Many woodworkers have a contentious relationship with modern life. On the one hand, more tools and materials than ever exist to challenge their skills and creativity, but on the other, many of those woodworking elements aren’t very eco-friendly or sustainable. Enter green woodworking — an option that utilizes only hand tools. This woodworking style typically uses unseasoned wood that’s either freshly harvested for high moisture content or preserved in water baths to retain high moisture content.

Benefits of Green Woodworking

Eco-friendliness aside, green woodworking offers many benefits to both novice and experienced woodworkers. For instance, unseasoned wood usually requires less effort and doesn’t wear down hand tools like seasoned woods.

Additionally, greenwood hardens and shrinks as it dries out, so you can work that into your woodworking designs to achieve unique visual effects. Also, since green wood hasn’t dried out yet, it’s rather flexible and more forgiving, resisting warping and cracking better than dry alternatives.

Tools Used for Green Woodworking

Handmade Drill in Wooden Tree StubSince green woodworking requires hand tools instead of power tools, you need a range of accessories to effectively shape greenwood the way you want it. Axes help with properly splitting wood along the grain and aid with harvesting raw materials, while froes aid the cleaving process. Hand saws such as hacksaws made from high-quality steel work well for trimming down green wood pieces to suit the needs of your DIY woodworking projects.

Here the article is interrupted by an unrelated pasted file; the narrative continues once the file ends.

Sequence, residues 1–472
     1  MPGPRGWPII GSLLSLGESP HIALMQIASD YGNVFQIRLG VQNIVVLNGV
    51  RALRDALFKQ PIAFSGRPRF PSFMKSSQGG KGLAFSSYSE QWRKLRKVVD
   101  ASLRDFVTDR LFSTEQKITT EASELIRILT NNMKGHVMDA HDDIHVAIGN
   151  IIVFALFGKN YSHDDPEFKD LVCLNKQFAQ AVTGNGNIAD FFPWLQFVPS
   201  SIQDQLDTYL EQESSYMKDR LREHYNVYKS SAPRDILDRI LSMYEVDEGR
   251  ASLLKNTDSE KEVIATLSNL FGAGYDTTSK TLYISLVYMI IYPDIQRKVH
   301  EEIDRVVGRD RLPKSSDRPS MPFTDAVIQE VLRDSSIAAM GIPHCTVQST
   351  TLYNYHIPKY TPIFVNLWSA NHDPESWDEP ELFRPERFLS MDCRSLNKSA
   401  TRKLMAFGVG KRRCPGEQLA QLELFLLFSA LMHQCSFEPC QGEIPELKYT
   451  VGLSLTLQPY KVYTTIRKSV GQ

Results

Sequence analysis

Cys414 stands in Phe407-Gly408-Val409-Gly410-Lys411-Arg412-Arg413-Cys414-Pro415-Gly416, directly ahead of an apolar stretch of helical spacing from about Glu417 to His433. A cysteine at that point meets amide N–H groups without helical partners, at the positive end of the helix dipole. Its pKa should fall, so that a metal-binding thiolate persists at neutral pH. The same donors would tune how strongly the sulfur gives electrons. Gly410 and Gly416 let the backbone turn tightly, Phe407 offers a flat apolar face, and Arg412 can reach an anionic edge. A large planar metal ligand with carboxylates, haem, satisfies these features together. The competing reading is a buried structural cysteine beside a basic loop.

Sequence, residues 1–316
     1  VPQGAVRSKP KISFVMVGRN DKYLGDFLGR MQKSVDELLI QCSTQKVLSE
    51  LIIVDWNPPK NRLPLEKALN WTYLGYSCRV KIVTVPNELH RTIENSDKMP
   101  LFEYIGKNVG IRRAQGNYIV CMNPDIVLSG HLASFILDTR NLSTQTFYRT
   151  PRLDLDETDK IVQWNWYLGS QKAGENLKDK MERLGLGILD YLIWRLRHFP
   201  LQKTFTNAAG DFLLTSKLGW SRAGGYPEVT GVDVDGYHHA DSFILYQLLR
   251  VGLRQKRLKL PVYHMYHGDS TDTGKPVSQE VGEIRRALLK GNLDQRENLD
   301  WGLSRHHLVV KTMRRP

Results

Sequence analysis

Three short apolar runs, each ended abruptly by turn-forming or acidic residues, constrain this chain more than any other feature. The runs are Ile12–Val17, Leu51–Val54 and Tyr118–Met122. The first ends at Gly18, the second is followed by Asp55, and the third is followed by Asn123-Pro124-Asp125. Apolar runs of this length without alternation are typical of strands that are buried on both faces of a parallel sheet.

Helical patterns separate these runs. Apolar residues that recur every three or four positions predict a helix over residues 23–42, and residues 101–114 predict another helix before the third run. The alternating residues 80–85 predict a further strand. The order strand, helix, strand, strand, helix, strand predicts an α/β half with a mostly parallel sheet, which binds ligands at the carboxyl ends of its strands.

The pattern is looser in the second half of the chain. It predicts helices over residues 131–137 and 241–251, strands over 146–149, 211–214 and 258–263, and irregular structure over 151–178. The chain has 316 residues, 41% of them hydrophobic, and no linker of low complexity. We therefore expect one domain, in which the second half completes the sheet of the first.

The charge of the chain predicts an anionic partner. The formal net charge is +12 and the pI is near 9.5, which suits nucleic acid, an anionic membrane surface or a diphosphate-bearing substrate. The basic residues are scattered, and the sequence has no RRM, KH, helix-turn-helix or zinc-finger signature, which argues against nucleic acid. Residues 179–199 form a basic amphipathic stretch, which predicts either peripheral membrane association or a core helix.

Before workbenches, there were shave horses — a wood bench with a foot-operated vise that holds greenwood in place during the woodworking process. Drawknives, traditional hand tools that remove wood shavings, have handles on both sides for easy pulling along boards and planks, and they come in various styles to handle rough and fine cuts alike. Finer carving knives and tools simplify adding detail to in-progress or completed pieces.

Green Woodworking Techniques

Wooden spoons, knives, axe, and other wood carvingsGreen woodworking requires specific techniques for maximum effectiveness. Some of these techniques include:

  • Splitting wood: Many green woodworkers harvest their own materials, and part of this is splitting logs vertically along their length with a froe. Called cleaving or riving, this green woodworking technique follows the grain of the wood and doesn’t sever wood fibers, making pieces easier to work with.
  • Wood shaving: Green woodworkers shave the wood they plan on using to smooth and clean the surface before they begin their actual designs. Shaving wood is a process typically performed by hand, using a shave horse and draw knife.
  • Lathe turning: Modern woodworkers usually utilize a power lathe for their DIY projects, while green woodworkers perform this technique with a manual tool called a reciprocal pole lathe. This green woodworking technique is used when you want to craft rounded or cylindrical objects with a smooth, high-quality surface.

Green Woodworking in Practice